I have this hazy memory of getting into it with a guy in a bar about soccer. I was nearly blackout drunk, bringing stolen jello shots to my friend, when I heard a man with a thick English accent say the words “Manchester United” and, due to a mix of alcohol and my undying love for Arsenal Football Club, I turned right to his face and said, “Fuck Manchester United.”
As soon as the words left my mouth, the guy’s eyes bugged out of his head; he said, “What do you know about Manchester United, love?” I let the confidence of a night of lemon drop shots and two-dollar PBRs shoot back at him, “That they fucking suck, love.” This should have spiraled into a hearty debate about which club was better, but instead turned into an interview-style grilling of my knowledge of the game — because to him, my opinion wasn’t valid until I proved that I could not only name the roster and managerial staff of my team, but his as well. He even went as far as to make me explain the fucking offsides rule.
It’s not an uncommon thing for a guy to challenge a woman about her knowledge of sports, because there’s this annoying idea that I can’t really love the game like he does. I can’t really understand the rules the way his male brain does or feel the passion that he feels for the sport; I must just like it because the guys are hot or I’m trying to impress a dude. Sometimes I wish it were that simple — maybe I’d take losses better, or spend less money on game tickets and extra sports channels.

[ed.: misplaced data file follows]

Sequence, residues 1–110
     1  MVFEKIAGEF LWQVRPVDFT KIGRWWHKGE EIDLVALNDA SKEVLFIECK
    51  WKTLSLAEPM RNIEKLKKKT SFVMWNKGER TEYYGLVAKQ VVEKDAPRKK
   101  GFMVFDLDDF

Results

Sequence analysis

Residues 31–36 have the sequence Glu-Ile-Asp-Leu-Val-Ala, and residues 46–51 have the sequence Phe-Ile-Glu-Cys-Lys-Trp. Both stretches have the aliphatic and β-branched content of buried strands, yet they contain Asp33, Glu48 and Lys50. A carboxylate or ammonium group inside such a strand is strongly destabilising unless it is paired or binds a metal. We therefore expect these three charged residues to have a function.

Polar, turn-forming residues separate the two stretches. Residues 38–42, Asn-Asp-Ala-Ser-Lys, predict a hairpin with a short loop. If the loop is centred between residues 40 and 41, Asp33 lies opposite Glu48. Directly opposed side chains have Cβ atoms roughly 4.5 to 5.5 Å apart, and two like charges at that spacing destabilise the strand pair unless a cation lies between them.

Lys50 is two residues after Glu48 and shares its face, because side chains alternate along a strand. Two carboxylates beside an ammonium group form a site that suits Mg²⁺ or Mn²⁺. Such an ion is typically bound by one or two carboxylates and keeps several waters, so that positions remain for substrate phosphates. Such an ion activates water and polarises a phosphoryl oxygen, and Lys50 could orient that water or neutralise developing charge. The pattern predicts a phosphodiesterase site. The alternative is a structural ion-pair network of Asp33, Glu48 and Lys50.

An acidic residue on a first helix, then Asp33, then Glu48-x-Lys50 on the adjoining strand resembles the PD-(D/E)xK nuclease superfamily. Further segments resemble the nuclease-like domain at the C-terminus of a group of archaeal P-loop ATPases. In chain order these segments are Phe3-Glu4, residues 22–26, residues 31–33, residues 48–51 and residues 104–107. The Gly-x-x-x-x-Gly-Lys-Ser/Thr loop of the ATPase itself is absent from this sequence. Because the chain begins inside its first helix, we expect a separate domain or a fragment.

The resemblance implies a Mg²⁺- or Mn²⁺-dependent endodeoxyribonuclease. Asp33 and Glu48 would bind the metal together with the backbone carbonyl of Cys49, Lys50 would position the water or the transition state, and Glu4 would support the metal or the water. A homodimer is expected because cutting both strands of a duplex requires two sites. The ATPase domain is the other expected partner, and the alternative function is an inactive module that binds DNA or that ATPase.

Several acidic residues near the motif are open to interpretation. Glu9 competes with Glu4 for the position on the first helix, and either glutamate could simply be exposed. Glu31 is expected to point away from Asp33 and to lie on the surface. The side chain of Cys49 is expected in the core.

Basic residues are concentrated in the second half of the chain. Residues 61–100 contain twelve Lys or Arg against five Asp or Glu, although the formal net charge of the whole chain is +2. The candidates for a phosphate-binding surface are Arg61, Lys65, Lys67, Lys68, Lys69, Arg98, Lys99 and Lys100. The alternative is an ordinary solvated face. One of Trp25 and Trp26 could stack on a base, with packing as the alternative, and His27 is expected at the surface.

But if it were that simple, I wouldn’t have experienced sold-out stadiums where the crowd’s like an extra man on the field. I wouldn’t have spent my late-night film classes streaming basketball games with a group of classmates in the back of the room, muffling cheers and groans as Citizen Kane played on the big screen. I wouldn’t have shed tears over late goals, both the good and the bad kinds. I wouldn’t have spent afternoons with my dad watching March Madness and scaring my mom with sporadic outbursts of cheering. I wouldn’t have the memories of hugging strangers in supporters sections or sharing the pain of a tough loss with thousands of people.
The very ideals of sport are community, pride, coming together over something shared — and the fact that male sports fans continue to perpetuate the idea that, because I’m a woman, I can’t possibly love and live for it the same way they do is infuriating. Like my biological makeup makes it impossible for me to appreciate the nuances of a game, to appreciate the ball hitting the back of the net with the perfect pace on it, or a good triple double, or hell, even something like a good two-point conversion.
Whatever it is, I’m constantly finding myself having to prove my love or my intentions. At one point in time, I used to take pride in besting the men who challenged me, but lately I do nothing but dread telling dudes I love the same sport they do, just in case they try and test me. In fact, when I started answering that English guy’s questions, I remember naming players and explaining rules, then walking away after he introduced me to his friends as, “Hey, this girl really knows her football!” I remember wishing I’d just said, “You know, I really only love Arsenal because I think Olivier Giroud is a babe,” and walked away because I am absolutely done proving myself to basic guys in bars. Plus it wouldn’t have been a complete lie; Olivier Giroud is a total babe.
Jessica lives for sports, lady athletes, and Niall Horan. She splits her time between sleeping, not living up to her potential, and copying pictures of cats for your grandmother at Staples. Find her @jessiiccaa on twitter and bbgood.tumblr.com.